AphasiaBank Protocol -- English Controls

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The AphasiaBank English Control Protocol includes the following discourse tasks:

  • Free Speech Samples -- Stroke Story and Coping, Important Event
  • Picture Descriptions -- Broken Window, Refused Umbrella, Cat Rescue
  • Story Narrative -- Cinderella
  • Procedural Discourse -- Peanut Butter and Jelly Sandwich

    The following tests are administered in conjunction with the discourse protocol:

  • Western Aphasia Battery-Revised -- Aphasia Quotient subtests
  • Boston Naming Test, Second Edition, Short Form
  • Northwestern Verb Naming test
  • AphasiaBank Repetition test
  • Complex Ideational Material subtest of the Boston Diagnostic Aphasia Examination
  • Sentence Comprehension Assessment derived from the Philadelphia Comprehension Battery

    Materials in the AphasiaBank Protocol are available from the protocol page.
    Links to spreadsheets with participants' demographic data and test results are also available there.

    In accordance with TalkBank rules, use of data from any of these AphasiaBank corpora must be accompanied by this reference:
    MacWhinney, B., Fromm, D., Forbes, M. & Holland, A. (2011). AphasiaBank: Methods for studying discourse. Aphasiology, 25,1286-1307.

    Additional citations for individual corpora are available from the contributors’ list below.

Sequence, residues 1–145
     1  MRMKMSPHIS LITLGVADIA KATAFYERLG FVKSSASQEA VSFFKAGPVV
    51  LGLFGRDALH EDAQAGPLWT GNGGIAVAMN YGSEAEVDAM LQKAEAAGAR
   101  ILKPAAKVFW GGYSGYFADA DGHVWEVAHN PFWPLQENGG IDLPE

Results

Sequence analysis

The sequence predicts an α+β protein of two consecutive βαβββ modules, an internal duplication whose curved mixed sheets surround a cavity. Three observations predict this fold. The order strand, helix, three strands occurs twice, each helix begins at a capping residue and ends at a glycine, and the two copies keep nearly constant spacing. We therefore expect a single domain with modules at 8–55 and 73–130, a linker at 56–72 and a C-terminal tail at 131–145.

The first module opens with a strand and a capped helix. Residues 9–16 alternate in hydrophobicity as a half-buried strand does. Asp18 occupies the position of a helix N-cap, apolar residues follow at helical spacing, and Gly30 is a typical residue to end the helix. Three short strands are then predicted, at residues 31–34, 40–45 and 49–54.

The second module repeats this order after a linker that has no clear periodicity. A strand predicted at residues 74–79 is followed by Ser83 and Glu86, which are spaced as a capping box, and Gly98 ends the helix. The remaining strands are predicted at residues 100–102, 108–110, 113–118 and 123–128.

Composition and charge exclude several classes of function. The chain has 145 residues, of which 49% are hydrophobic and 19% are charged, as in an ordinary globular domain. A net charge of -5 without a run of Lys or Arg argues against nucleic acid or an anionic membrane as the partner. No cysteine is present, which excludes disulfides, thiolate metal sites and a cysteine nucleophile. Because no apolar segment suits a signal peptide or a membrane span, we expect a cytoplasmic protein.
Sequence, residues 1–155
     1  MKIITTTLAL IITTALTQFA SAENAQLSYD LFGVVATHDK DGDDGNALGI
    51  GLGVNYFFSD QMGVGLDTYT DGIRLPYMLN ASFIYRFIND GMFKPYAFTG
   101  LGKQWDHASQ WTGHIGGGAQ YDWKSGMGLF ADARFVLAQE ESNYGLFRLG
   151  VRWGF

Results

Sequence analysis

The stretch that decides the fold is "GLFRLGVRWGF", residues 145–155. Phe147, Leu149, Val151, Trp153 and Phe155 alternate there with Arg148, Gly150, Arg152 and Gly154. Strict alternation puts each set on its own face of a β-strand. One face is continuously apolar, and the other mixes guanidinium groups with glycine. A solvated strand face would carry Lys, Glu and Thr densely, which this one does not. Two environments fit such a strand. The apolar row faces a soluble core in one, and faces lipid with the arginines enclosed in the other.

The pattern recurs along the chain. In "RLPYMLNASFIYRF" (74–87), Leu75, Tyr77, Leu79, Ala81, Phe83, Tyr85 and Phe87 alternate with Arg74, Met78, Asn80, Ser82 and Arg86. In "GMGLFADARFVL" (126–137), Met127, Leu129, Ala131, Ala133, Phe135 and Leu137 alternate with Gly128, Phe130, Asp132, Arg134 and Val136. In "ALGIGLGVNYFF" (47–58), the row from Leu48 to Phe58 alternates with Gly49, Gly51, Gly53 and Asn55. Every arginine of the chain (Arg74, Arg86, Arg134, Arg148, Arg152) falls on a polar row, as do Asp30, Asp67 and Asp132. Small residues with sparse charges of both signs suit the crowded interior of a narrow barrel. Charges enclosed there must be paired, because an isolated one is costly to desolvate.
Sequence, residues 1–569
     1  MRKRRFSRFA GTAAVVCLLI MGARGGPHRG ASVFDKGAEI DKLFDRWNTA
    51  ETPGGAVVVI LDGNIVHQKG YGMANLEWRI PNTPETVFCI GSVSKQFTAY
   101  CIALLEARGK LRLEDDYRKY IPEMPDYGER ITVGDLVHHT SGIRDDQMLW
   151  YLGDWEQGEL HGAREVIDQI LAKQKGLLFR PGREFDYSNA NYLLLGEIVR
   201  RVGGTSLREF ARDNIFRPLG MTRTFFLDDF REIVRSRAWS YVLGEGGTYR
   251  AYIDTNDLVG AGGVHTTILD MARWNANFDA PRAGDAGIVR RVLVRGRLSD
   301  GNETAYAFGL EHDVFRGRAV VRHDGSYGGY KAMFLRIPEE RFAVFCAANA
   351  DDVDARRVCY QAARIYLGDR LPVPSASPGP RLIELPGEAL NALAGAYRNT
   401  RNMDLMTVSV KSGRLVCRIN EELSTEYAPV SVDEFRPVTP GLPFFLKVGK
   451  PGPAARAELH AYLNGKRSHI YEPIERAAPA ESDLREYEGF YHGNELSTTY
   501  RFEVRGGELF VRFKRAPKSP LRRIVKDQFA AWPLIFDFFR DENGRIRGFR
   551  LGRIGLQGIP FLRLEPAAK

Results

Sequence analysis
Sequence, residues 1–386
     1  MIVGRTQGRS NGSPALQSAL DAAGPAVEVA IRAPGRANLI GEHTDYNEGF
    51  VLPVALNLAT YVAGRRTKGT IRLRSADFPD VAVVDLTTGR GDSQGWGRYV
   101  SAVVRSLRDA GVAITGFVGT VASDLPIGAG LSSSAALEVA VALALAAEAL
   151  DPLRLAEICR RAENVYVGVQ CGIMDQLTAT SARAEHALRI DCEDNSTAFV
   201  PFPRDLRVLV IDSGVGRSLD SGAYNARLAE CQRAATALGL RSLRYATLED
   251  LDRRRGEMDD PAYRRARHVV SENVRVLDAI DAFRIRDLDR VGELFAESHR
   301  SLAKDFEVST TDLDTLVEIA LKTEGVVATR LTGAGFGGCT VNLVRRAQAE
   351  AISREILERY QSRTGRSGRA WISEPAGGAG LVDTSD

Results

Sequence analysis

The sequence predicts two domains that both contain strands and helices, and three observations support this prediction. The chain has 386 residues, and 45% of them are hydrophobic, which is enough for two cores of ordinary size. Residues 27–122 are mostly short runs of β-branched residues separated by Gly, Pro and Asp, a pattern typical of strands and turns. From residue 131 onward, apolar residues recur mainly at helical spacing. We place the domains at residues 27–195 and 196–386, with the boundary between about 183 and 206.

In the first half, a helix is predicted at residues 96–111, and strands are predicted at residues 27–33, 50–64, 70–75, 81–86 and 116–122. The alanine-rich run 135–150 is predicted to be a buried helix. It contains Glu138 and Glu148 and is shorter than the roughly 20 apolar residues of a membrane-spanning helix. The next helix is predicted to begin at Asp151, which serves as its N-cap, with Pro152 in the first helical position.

Mary Boyle
    Department of Communication Sciences and Disorders
    Montclair State University


    For more information about the center and data, click here.

    Gilson Capilouto
    Communication Science and Disorders
    University of Kentucky


    For more information about the center and data, click here.

    Daniel Kempler
    Department of Communication Disorders
    Emerson College

    http://word.emerson.edu/daniel_kempler/
    For more information about the center and data, click here.

    Jessica Richardson
    Department of Speech and Hearing Sciences
    University of New Mexico


    For more information about the center and data, click here.

    Heather Harris Wright
    Department of Communication Sciences & Disorders
    East Carolina University

    http://blog.ecu.edu/sites/aaldlab/
    For more information about the center and data, click here.